Even in relatively affluent societies people suffer from anxiety, stress or a loss of purpose; or they feel incapable of dealing with life's challenges.

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Brand new Book. About this title Synopsis: "Wisdom of the East - The Buddha's Way of Virtue" contains an English translation of the Dhammapada, a collection of sayings of the Buddha in verse form that represents one of the best known Buddhist scriptures. Store Description Book Depository is an international bookseller. We ship our books to over countries around the globe and we are always looking to add more countries to the list.

Buddhas way of virtue : Wagiswara, W.D.C. : Free Download, Borrow, and Streaming : Internet Archive

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Visit Seller's Storefront Terms of Sale: All books are shipped in New condition promptly, we are happy to accept returns up to 30 days from purchase. In a broader sense, virtue, or virtuous living -- as I understand it -- comes very close to the Hippocratic oath that doctors take: First, do no harm.

The earliest and most persistent descriptions of virtue in the Buddhist teachings involve avoiding activities that cause harm to others, including killing, theft, sexual abuse, lying, slander, and gossip. Interestingly enough, they also include activities that may harm oneself, such as overindulging in intoxicants, food, and certain types of habitual activity -- understandings that evolved long before terms like "addiction" or "obesity" were defined by modern medicine.

But the Tibetan word gewa, which is often translated as "virtue," has a deeper, more significant meaning.


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Like the old Middle English word vertue, which was related to the effectiveness of an herb or other plant to strengthen certain qualities inherent in the body and the mind, gewa means making choices that extend our emotional and intellectual strength, illuminate our potential greatness, build our confidence, and enhance our ability to assist those in need of help. A third, and final, understanding of virtue -- which has evolved from conversations with a few friends and students around the world -- builds on this aspect of developing or cultivating our strengths. Artists who exhibit extraordinary skill in their respective fields are known as "virtuosos" -- an English word that comes from an Italian term signifying someone who demonstrates exceptional skill.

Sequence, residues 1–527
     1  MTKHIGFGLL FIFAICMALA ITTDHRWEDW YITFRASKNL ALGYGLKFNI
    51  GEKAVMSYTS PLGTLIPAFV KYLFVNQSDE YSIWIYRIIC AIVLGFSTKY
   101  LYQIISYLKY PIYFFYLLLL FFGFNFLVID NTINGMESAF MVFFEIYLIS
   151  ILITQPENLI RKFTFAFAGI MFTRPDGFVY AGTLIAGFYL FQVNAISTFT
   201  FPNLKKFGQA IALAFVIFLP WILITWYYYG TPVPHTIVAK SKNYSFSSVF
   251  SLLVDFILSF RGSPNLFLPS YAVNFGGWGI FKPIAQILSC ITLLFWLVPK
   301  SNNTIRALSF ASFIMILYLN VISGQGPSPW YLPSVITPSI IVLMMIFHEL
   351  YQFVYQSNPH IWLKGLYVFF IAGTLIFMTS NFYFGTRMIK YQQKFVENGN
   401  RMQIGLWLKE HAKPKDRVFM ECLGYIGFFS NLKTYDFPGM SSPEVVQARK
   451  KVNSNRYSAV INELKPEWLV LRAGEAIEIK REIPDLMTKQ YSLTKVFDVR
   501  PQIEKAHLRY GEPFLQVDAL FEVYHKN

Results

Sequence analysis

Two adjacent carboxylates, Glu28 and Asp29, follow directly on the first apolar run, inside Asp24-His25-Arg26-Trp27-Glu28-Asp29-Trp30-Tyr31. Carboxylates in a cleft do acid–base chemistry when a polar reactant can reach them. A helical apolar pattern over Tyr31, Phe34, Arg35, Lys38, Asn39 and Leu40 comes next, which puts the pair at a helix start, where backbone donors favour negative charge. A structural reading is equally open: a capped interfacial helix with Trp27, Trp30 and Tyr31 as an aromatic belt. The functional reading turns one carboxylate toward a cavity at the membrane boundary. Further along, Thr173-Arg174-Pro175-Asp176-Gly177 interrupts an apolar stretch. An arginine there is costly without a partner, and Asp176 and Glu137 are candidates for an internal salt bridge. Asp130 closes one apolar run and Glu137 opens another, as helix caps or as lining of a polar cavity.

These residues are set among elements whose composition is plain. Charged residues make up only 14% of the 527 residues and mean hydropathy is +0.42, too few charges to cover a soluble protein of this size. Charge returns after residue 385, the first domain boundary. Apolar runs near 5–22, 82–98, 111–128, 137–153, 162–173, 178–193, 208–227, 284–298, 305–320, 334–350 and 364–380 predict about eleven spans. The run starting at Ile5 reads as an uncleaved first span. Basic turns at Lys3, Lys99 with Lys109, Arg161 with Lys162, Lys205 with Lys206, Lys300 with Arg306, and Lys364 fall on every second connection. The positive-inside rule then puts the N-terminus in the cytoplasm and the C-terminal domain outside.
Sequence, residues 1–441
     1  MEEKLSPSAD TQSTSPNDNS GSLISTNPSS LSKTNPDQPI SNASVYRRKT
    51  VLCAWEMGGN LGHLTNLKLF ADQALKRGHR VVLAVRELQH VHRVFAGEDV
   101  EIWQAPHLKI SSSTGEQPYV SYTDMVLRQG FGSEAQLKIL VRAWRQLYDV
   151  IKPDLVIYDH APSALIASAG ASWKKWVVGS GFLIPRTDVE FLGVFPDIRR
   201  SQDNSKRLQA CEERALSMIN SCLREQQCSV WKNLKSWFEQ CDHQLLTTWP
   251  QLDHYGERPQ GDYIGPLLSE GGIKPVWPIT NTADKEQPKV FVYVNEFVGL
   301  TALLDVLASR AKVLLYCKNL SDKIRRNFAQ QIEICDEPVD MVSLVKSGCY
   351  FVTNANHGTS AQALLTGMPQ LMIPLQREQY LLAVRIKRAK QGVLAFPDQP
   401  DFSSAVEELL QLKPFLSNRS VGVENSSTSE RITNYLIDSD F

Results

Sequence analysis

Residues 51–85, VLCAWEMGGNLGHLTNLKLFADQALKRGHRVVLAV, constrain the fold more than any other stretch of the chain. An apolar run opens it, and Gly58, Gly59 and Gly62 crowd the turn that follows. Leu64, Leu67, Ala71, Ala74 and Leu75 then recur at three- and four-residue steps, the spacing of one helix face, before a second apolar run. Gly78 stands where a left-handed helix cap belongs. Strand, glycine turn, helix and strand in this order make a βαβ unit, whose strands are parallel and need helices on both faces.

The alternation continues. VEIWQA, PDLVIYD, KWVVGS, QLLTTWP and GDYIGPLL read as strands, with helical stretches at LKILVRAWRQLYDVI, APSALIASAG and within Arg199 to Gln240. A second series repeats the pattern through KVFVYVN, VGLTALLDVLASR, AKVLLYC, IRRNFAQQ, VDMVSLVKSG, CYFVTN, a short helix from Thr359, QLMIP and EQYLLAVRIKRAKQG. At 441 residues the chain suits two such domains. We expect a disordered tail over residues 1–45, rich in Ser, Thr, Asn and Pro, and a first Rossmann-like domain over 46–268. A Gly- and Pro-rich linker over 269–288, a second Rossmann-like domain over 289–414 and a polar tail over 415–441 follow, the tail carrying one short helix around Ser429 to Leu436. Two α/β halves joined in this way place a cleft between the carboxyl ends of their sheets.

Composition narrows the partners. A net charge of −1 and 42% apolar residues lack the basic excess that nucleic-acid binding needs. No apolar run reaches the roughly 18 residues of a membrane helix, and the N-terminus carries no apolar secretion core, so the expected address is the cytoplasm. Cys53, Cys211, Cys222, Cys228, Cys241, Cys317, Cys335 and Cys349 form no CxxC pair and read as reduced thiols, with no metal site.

However, everything I've learned from my own studies, the teachings I've received, and my own experience as a teacher, counselor, husband, and father suggests to me that what the Buddha discovered during the days and nights he spent meditating under a tree in Bodhgaya, India, was a method through which we can all become virtuosos in the art of living. Each of us is gifted with the ability to recognize within ourselves an astonishing capacity for brilliance, kindness, generosity, and courage.

We also have the potential to awaken everyone with whom we come in contact to the possibility of greatness. We become virtuosos to the extent that we develop our potential to the point at which -- even without our conscious intention -- our actions and our words serve to awaken the "human artist" in everyone.

But in order to do that, we have to understand the basic material with which we're working. A skillful potter has to learn to recognize the qualities and characteristics of a lump of clay with which he or she works.

A virtuoso farmer has to understand the relationship between soil and seeds, fertilizer and water, and implement that understanding in terms of actions. Likewise, in order to become virtuoso human beings, we have to begin by understanding our basic nature -- the clay, so to speak, with which we're given to work.